ISLAMABAD: Adviser to Prime Minister on Commerce and Investment Abdul Razak Dawood on Tuesday chaired an internal strategy meeting at the commerce ministry to review the recent trade statistics and to devise plans for the enhancement of exports.
As per the data shared by the commerce ministry, the country exported goods and services worth $1.998 billion in the first month of FY21, as compared to $1.889 billion in July FY20, depicting a growth of 5.8pc YoY. In rupee terms, the export proceeds posted 11.3pc growth in July 2020 compared to the same month of last year.
The data showed that since May 2020, a visible improvement has been observed in export orders from international buyers, mainly in the textile and clothing sectors.
It may be noted that the Covid-led decline in Pakistan’s exports started in March 2020, when the country witnessed an 8pc drop. This declined widened in April 2020, dropping by 54pc, but improved to -35pc in May, and further to only -6pc in June 2020.
In FY20, Pakistan’s exports had fallen 6.83pc ($1.57 billion) to $21.4 billion compared to $22.97 billion in FY19.
But despite negative growth in exports during the last four months, the ministry stated that continuous fall in imports was providing some breathing space to the government to manage external accounts. In July 2020, the import bill posted a negative growth of 4.2pc, as import value was recorded at $3.54 billion during the period under review as against $3.696 billion in the corresponding month of last year.
In the fiscal year 2019-20, the import bill had declined significantly by $10.29 billion (18.78pc) to $44.509 billion compared to $54.799 billion last year.
Based on the import-export data, the country’s trade deficit came down by 14.7pc in July 2020 from a year ago. The decline was mainly due to a fall in imports and paltry growth in exports from the country. However, imports are expected to bounce back in the coming months following the abolishment of regulatory duty on raw materials and semi-finished products.
In absolute terms, the trade gap narrowed to $1.542bn in July 2020 as against $1.808bn in the corresponding month of last year.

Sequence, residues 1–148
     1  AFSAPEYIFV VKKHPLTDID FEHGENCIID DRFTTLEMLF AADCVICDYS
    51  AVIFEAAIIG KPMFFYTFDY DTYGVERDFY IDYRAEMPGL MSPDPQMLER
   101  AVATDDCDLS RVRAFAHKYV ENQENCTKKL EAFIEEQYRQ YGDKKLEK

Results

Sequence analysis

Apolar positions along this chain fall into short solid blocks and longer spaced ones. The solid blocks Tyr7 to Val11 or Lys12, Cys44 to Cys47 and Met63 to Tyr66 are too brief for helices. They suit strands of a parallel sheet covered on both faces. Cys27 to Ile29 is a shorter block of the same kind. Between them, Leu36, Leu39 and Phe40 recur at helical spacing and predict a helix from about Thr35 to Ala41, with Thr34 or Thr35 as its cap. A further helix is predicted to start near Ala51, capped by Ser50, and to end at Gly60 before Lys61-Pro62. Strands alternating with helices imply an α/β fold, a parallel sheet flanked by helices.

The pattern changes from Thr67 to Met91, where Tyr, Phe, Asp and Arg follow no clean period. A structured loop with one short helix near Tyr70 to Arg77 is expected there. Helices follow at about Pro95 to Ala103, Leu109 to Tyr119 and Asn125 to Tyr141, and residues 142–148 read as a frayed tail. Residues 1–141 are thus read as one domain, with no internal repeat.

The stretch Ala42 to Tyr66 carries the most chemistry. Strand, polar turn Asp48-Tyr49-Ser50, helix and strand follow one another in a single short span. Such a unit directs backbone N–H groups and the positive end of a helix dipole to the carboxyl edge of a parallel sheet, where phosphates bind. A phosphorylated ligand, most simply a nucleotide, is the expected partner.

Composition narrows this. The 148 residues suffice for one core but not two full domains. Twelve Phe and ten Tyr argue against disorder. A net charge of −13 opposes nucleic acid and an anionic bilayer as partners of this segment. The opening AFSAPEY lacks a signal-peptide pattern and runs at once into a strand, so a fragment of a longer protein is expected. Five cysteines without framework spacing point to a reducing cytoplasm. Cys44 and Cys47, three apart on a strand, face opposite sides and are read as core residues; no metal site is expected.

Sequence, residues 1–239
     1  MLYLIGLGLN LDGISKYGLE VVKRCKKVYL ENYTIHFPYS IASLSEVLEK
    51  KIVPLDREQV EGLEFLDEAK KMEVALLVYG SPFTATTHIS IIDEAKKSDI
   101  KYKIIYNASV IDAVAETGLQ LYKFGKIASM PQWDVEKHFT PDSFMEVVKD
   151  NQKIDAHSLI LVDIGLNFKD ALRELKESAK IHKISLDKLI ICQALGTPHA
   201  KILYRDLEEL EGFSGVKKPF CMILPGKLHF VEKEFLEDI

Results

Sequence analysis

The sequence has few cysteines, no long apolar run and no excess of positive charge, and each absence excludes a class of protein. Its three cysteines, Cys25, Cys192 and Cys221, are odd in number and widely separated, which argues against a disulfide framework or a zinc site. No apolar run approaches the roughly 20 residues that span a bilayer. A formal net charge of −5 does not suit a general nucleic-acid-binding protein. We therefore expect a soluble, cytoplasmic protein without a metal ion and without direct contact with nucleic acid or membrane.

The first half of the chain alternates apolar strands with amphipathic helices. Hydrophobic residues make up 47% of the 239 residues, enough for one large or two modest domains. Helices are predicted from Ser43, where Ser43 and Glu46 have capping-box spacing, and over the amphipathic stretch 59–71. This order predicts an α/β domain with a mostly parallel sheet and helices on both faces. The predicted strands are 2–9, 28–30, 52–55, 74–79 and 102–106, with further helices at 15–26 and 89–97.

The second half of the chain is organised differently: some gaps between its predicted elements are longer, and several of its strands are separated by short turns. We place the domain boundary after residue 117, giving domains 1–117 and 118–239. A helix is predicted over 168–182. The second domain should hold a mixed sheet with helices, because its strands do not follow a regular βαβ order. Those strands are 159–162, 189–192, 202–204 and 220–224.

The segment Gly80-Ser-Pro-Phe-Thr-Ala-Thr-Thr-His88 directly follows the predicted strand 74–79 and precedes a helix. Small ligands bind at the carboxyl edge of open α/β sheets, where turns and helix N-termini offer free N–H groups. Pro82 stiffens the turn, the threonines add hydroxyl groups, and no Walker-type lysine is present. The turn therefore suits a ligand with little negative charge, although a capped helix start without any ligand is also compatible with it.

The trade deficit had narrowed to $23.099bn in FY20 from $31.820bn in FY19.
According to the data, the export of worn clothing and clothing accessories surged by 2,078pc during the month under review, followed by food preparation 344pc, made-up clothing accessories ( knitted or crocheted) 313pc, tarpaulins, awnings and sunblinds 154pc, tracksuits 135pc, gloves, mittens and mitts 83pc.
Likewise, the export of fish and fish products grew by 50pc, jerseys, pullovers, cardigans, waistcoats and similar articles 44pc, women’s garments 34pc, leather apparel 28pc, made-up articles of textile materials 27pc, home textiles 24pc, copper and articles thereof 19pc and men’s garments 10pc.
On the other hand, the export of some important products posted a decline during the month under review. These included wheat, wheat flour, cotton, synthetic filament yarn, raw leather, ethyl alcohol, cotton yarn, plastic products, tanning, dyeing extracts, rice and cement.
The top 10 importing products included soya beans (+616pc), petroleum coke 192pc, palm oil 190pc, rubber 36pc, fruits and vegetables 24pc, pharmaceuticals products 17pc, inorganic chemicals 14pc, iron and steel 12pc, tea 11pc, plastic products 8pc, electrical and electronic equipment 5pc.
The products that saw a decline in imports included rape seeds, cotton yarn, motor cars, footwear, parts and accessories for tractors, petroleum gas, petroleum oils, coal, machinery, fertilizers, organic chemicals, petroleum oils excluding crude and paper and paperboard.
As per the official statement issued by the ministry, PM’s Commerce Adviser Razak Dawood appreciated the exporters as well as the government departments for coordinating their efforts amid the pandemic outbreak.
“This achievement is particularly noteworthy because of the fact that a decline was being observed until last month and a turnaround of around 12pc has been achieved in just one month,” the adviser tweeted. “In spite of the fact that we still have COVID related smart lockdowns, our export-led ‘Make in Pakistan’ is moving forward,” he maintained.
While commending some breakthrough in the export sector, but still it is just peanut comparing with our imports say 54 billion dollars which too have been slashed by say 10 billion dollars which reflect our pitiable economic scenario, as import of many essential consumer items and industrial raw materials/chemicals have been banned. This all is against economic dynamics that must be thought over seriously by those who matter.
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